North Carolina House and Senate bills that would require all health benefit plans in the state to provide coverage for the diagnosis and treatment of autism spectrum disorder are lingering in committees as legislators grapple with the state budget.
“We’re continuing to monitor these bills,” said David Laxton, director of communications for the Autism Society of North Carolina, a nonprofit advocacy group that supports these bills. “It’s a waiting game.”
Senate Bill 115 was introduced Feb. 23. After it passed a first reading in the Senate on Feb. 24, it was referred to the Senate Committee on Insurance where it remains. Comparable House Bill 826 was filed April 6. The next day, the House passed a first reading of the bill and sent it on to the House Committee on Health and Human Services.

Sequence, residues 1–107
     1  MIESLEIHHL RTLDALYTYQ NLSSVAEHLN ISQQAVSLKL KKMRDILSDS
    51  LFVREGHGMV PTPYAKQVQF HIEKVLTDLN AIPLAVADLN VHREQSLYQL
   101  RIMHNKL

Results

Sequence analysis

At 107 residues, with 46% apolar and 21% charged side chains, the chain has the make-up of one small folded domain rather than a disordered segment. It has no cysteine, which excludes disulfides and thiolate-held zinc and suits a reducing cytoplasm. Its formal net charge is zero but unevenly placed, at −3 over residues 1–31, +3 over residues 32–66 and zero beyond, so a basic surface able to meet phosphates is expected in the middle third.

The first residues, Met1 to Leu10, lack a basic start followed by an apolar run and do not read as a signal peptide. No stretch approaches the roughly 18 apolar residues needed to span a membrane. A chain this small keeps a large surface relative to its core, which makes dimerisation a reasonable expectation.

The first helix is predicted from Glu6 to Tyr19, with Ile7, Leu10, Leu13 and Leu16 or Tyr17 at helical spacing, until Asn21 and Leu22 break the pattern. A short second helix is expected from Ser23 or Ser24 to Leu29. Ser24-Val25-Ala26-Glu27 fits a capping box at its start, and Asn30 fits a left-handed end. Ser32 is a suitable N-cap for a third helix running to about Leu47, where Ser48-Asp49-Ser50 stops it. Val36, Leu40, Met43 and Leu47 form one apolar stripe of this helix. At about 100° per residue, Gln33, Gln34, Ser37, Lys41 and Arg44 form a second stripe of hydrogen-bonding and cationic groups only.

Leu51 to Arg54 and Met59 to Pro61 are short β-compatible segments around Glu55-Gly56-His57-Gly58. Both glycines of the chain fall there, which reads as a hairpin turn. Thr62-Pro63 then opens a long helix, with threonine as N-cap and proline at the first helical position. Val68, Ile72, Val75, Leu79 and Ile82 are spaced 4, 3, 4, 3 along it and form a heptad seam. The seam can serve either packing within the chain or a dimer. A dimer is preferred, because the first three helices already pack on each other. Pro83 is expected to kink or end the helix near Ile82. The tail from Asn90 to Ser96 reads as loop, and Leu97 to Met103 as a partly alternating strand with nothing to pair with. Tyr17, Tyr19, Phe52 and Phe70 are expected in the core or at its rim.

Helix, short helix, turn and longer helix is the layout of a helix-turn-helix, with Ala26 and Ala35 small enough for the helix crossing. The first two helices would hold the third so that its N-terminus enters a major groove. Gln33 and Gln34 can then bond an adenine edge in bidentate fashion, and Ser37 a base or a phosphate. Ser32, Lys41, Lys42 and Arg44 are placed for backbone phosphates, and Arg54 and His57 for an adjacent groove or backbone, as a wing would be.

Blue Cross and Blue Shield of North Carolina, which has about 3.7 million customers and is the largest health insurance provider in the state, takes the position that the legislation is not necessary. BCBSNC says it already provides medical coverage for the diagnosis and treatment of autism, a range of neurodevelopmental disabilities.
However, the insurance company’s medical directors determined that applied behavior analysis, or ABA, therapy for people with autism is an educational rather than a medical therapy. Advocates like the Autism Society of North Carolina disagree and say medical research indicates ABA therapy constitutes a medical rather than educational treatment.
In addition to keeping tabs on the autism health insurance bills, Laxton said the Autism Society of North Carolina also is monitoring the state budget proposals because he said “a good amount of services and support (for people with autism) could be impacted.”
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